Hello, my name's Danny and I am a selfie addict. At least, that's how the press have dubbed me. I became headline news last year for 'taking 200 selfies in a day', trying to create the perfect image. When I failed, I tried to kill myself, they reported. That's not untrue, but the far bigger picture is that I was suffering from Body Dysmorphic Disorder or body dysmorphia, if you prefer. If you've never heard of BDD, the NHS explains it, in a nutshell, thus: Body Dysmorphic Disorder (BDD) is an anxiety disorder that causes a person to have a distorted view of how they look and to spend a lot of time worrying about their appearance.
I'd always wanted to be a model and I WAS optimistic that I could achieve that dream - that was until I went to see an agency at the age of 15 and was told I was fat. I remember feeling emptiness, a sense that I was no good for modelling - or, for that matter, society. I made a decision to change myself. I was no longer happy, or confident with my appearance. When I looked in the mirror, all I could see was a big nose, bad skin and an overweight figure. As time went on I became obsessed with the mirror, checking it up to 10 hours a day. Exercising, purging and applying face creams became an addiction I couldn't quit. The long days of constant mirror checking and taking 200 photos a day drove me to the lowest point of my life.
One night, it all became too much. I locked my room and screamed. I felt so lonely, I had no friends and I was falling behind with my studies. I remember looking at Facebook and seeing people living, while I was trapped; paralysed by my body dysmorphia.
So I overdosed.
I survived (obviously!). The whole event put everything into perspective; I wanted to be happy again and I wanted to beat body dysmorphia. I got help from a hospital in London, which treated my mental illness. Thanks to that I am still here - and able to now share my story, to encourage other people to seek help.
My story first came to light in the media when I made a film about my experience for social action charity Fixers - it exploded across the press and I've since travelled across the world to share my story on TV shows and in international press. You can view the film here.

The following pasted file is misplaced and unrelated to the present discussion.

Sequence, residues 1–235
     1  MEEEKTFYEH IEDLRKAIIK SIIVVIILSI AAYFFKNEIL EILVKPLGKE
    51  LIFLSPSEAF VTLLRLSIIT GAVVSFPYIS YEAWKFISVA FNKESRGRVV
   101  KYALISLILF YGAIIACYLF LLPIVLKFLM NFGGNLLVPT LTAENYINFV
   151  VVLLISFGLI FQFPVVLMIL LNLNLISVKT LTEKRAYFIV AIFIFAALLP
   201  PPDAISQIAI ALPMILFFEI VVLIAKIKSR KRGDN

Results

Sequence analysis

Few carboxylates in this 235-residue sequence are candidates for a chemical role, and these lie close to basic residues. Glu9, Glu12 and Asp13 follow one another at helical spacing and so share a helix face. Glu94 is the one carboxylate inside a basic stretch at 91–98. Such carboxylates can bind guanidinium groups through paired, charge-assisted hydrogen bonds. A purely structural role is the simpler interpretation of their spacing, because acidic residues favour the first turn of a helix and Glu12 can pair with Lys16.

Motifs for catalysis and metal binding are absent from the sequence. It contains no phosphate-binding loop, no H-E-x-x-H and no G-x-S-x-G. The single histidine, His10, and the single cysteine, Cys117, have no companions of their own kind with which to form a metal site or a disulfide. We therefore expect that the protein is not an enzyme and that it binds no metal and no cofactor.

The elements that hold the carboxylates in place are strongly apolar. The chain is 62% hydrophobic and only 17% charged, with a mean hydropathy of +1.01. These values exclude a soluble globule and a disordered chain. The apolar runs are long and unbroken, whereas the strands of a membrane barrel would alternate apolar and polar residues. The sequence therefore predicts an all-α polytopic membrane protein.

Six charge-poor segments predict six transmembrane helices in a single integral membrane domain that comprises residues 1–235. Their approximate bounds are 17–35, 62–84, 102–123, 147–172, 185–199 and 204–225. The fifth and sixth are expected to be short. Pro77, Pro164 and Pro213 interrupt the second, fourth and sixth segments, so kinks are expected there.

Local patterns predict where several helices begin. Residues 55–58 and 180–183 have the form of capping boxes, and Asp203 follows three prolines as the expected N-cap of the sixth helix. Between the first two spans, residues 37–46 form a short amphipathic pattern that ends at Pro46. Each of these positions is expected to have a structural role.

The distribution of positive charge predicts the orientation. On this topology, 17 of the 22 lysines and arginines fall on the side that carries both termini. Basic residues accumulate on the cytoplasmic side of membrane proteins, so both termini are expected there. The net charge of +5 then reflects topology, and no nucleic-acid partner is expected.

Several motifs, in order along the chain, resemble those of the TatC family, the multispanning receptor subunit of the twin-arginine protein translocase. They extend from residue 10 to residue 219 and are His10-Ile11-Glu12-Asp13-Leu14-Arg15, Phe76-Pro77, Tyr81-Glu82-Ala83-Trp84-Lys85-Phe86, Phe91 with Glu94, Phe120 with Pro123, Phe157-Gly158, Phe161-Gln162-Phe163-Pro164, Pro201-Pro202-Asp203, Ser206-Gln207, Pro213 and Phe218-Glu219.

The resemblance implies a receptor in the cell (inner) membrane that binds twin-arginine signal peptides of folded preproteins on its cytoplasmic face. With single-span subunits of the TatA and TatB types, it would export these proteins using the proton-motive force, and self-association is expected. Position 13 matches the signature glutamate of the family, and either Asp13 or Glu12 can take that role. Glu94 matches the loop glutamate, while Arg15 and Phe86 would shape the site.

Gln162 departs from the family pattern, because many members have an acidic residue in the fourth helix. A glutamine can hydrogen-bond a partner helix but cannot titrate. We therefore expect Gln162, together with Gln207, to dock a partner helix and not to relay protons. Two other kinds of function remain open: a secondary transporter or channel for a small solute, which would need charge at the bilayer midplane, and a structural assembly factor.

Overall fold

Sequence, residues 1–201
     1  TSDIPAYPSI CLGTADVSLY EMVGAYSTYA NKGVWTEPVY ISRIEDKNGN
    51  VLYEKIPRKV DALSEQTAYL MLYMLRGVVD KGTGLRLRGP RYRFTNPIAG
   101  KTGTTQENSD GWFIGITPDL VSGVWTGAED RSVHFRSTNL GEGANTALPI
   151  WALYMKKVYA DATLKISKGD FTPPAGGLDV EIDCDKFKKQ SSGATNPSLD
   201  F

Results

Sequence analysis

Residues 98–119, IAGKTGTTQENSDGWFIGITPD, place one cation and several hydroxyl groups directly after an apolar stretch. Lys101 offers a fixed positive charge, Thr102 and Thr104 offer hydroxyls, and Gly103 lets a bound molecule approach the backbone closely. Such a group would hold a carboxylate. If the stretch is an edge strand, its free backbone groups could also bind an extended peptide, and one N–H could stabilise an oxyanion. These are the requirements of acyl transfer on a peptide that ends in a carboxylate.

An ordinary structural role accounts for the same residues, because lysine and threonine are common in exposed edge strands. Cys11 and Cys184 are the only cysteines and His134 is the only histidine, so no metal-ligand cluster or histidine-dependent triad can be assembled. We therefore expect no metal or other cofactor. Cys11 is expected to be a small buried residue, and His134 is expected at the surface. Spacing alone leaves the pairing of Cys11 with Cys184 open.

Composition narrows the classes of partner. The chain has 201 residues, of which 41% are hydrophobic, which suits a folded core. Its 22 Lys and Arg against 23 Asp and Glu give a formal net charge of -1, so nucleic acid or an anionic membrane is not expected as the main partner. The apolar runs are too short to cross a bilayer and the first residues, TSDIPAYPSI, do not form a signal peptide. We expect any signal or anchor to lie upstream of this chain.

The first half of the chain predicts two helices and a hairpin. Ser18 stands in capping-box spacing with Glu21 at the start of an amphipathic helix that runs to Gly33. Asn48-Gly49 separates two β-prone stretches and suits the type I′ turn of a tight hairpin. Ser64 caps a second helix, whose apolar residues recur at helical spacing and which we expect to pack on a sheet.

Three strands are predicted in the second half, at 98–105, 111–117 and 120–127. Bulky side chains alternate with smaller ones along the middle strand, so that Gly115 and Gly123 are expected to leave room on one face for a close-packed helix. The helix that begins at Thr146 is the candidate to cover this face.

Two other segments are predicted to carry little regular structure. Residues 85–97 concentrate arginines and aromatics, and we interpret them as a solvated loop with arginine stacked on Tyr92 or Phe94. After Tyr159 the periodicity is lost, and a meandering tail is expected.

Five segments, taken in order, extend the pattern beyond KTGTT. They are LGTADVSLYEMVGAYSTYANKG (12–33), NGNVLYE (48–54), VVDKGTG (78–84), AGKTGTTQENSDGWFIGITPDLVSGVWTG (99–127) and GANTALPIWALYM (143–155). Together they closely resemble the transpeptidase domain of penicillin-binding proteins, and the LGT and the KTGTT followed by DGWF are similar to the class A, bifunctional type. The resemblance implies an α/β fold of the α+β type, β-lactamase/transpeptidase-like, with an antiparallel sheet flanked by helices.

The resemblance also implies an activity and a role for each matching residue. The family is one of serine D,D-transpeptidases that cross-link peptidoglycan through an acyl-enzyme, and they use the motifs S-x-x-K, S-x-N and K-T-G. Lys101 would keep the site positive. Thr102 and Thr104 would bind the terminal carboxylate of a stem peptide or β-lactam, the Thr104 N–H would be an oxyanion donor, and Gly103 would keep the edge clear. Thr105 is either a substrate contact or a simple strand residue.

I feel passionately about changing the way society views mental health - and I believe the media has a huge responsibility in shaping that. I understand that dubbing me a 'selfie addict' ensured more people would click on my story, but it simplified a very serious and complex mental health issue. Factions of the media look too negatively on mental health. Some TV shows portray it poorly. I want to see an end to storylines which stop people with mental-health issues reaching out for help because they are scared of the stigma.
Recently I was chosen to join a panel of young mental health campaigners for a national debate on the big issues, hosted by Fixers, and part of their Feel Happy Fix Live 2015 event. You can watch it tonight at 8pm here.
I think it's wonderful that young people can get together as a collective and tackle the issue of mental health. It's an incredibly hard thing to talk about, so creating an environment where everyone feels comfortable enough to open up is amazing.
As for me and my BDD, things are going well; career-wise I'm enjoying working in politics - and want to put mental health on the agenda. Mental illness is the hardest thing I have ever gone through and having the chance to make a better future for others is hugely important to me.
If you've been affected by the issues in this article, please call the Samaritans on 08457 90 90 90.